This is the second in a series of blogs offering guidance on combating summer melt.
High school seniors have many questions to consider before committing to a college on signing day (May 1). But in my view, one question rises in urgency above the others. Are you choosing the institution that’s the best financial fit for you and your family?
I know the importance of finding the right financial fit first hand. As a first-generation college student, I had very little to no awareness about how to finance my college education. The day I arrived on campus as a freshman at UC Berkeley, I did not know who was paying for my college education. All I knew was that I had signed various documents and now had a dorm room, food, and classes. It was not until the end of my sophomore year that I learned I was taking out student loans to fund my education. When I read my financial aid award letter I had interpreted “Financial Aid” to mean free money for college. I will never forget feeling so alone and ashamed for not understanding something that seemed so simple. Since then, I’ve worked tirelessly to ensure this scenario doesn’t happen to more students.
Some high school seniors wait to try to figure out finances once they arrive on campus in the fall, but it’s very difficult to try to rectify a situation after the fact. When a student begins to struggle with paying for school they are at a considerable risk of dropping out of college, and the chances of them returning to complete their degree decrease as time goes by. That’s why it’s important to assess financial fit before committing to a college.
At CAP, we work closely with high school seniors and their families to choose the best-fit college for each family’s financial circumstance. During senior year our team takes each student and family through the entire college financial aid process from beginning to end, including setting up an FSA ID pin, completing the FAFSA and CSS profiles, and ensuring that all financial aid verification forms are submitted in a timely manner to each college campus.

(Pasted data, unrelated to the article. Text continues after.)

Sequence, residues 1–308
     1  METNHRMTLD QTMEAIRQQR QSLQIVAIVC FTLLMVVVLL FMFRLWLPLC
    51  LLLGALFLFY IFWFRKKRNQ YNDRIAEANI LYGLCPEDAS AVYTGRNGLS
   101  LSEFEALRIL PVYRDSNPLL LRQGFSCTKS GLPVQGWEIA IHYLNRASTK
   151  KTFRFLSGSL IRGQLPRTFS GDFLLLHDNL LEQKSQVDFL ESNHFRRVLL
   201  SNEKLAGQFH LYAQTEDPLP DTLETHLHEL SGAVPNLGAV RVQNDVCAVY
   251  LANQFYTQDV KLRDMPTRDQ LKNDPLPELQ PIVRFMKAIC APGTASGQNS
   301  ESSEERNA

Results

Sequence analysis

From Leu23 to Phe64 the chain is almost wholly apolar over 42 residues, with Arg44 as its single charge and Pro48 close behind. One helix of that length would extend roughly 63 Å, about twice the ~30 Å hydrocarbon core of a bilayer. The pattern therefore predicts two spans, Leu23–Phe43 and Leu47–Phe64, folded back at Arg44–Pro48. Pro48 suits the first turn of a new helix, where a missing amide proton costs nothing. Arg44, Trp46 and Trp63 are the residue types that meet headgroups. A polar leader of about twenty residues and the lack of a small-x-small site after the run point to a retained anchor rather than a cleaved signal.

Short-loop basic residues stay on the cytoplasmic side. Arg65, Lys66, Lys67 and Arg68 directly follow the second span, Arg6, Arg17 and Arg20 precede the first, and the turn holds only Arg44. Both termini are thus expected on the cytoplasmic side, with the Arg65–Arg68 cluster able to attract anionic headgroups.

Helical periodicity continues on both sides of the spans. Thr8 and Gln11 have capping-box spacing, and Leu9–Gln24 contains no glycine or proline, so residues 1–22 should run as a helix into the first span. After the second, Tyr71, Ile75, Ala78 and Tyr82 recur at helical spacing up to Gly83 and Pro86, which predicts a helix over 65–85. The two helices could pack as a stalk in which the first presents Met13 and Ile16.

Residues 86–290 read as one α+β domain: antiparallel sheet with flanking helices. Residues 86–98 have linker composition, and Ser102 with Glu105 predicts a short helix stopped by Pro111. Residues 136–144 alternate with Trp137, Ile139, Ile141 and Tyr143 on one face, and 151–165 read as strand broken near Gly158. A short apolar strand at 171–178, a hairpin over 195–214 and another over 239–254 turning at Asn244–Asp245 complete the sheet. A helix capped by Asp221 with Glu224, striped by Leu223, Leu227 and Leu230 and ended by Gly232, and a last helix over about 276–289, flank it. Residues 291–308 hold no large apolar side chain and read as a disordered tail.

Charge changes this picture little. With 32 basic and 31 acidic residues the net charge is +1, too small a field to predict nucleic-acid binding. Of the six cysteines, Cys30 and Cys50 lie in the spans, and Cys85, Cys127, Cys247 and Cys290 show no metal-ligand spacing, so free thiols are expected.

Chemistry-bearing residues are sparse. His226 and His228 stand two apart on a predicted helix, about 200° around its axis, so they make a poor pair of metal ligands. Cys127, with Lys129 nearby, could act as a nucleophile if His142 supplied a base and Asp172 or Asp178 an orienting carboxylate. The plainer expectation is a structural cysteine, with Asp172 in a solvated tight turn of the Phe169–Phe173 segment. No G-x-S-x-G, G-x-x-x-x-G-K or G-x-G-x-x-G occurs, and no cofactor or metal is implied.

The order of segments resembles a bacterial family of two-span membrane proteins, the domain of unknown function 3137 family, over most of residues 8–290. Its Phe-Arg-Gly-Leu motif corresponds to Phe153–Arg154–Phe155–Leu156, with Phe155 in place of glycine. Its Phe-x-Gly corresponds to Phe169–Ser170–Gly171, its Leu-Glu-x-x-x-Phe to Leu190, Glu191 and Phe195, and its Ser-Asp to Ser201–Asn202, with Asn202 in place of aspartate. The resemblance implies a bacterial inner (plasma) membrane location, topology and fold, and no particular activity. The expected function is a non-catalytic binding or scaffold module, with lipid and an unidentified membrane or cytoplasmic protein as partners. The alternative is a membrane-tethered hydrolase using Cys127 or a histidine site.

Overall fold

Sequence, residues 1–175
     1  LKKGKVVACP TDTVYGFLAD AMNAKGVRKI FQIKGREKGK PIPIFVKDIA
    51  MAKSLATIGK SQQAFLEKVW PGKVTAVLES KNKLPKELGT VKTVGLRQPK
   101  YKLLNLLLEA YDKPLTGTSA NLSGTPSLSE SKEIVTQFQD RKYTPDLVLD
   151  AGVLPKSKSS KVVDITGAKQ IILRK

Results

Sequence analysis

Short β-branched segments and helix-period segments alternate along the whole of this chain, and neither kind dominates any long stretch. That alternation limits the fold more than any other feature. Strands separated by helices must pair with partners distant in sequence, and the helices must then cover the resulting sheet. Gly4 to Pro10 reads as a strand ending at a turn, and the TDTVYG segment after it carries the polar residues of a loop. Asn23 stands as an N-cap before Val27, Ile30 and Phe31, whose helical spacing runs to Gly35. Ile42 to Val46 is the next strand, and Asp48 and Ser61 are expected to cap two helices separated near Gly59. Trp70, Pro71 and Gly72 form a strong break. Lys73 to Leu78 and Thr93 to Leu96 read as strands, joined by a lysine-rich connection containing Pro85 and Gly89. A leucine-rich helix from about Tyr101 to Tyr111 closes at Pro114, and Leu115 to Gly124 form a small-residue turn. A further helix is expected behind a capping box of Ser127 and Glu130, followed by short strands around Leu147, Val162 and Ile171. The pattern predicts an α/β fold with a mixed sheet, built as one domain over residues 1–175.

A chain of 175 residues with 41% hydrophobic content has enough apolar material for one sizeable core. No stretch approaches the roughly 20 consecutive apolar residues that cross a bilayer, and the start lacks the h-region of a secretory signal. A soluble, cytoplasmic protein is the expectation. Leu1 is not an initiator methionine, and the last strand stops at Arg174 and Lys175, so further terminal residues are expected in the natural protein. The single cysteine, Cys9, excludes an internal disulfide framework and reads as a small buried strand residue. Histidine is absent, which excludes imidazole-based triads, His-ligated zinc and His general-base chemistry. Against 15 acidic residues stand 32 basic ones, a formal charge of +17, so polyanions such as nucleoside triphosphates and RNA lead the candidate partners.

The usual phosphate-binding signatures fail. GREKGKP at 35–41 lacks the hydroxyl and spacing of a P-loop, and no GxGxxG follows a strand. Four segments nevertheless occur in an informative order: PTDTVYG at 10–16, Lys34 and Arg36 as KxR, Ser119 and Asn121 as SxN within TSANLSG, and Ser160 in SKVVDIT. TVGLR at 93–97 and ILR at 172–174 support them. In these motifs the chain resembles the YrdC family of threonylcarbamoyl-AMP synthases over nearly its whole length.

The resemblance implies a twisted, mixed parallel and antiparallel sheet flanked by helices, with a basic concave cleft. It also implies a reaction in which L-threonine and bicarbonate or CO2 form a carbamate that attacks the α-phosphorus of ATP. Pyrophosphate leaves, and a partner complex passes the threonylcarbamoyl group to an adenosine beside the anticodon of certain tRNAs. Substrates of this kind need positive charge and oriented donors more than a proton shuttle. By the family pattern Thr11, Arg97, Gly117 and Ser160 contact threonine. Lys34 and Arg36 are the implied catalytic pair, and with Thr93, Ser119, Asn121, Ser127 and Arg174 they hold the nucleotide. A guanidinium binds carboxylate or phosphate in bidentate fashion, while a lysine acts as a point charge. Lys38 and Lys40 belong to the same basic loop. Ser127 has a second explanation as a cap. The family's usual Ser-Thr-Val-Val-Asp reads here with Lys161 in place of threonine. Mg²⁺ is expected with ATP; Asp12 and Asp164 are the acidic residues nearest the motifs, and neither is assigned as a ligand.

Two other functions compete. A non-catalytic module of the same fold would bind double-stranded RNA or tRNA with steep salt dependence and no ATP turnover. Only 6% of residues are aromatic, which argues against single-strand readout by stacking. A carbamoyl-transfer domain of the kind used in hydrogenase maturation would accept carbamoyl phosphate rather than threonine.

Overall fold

At the end of this process, students receive financial aid award letters. These letters can be hard to interpret. When assessing these letters and trying to decide which college is the best financial fit, three factors are especially important to consider:
- Were you awarded student loans and for how much? Are they subsidized or unsubsidized?
- What is your unmet need after you consider all “free” forms of financial aid awarded to you?
- Can your family support you financially with any portion of your unmet need?
The goal is to really understand the complete cost of college and if the options you are considering are a financial fit for your family. Can your parents really afford to pay any out-of-pocket expenses while you are away at college? You want to make sure you have the money you need to make tuition and housing payments on time, to avoid being dropped from your classes. Having to worry about making your payments on time is a heavy burden to bear while trying to juggle your class schedule, midterms, and social life. Therefore, having a solid, affordable plan before you decide to commit to a college/university is very important.
One situation we see frequently is the question of whether to attend college far from home. I see many middle-class parents encourage their child to stay close to home and attend a college or university that is local to save on the housing expenses. However, when a student receives a decent financial aid award package from a college that may be out-of-state, it can be an economical option. Not letting a student attend school away from home can hinder the student’s social and emotional growth.
A college degree opens many doors and there are lots opportunities to find funding for college. Finding the college that’s the right financial fit increases your likelihood of arriving on campus in fall and graduating from that same campus. So, remember to ask the right questions before signing day.
Ivette Chavez is the lead college financial services coordinator at CAP.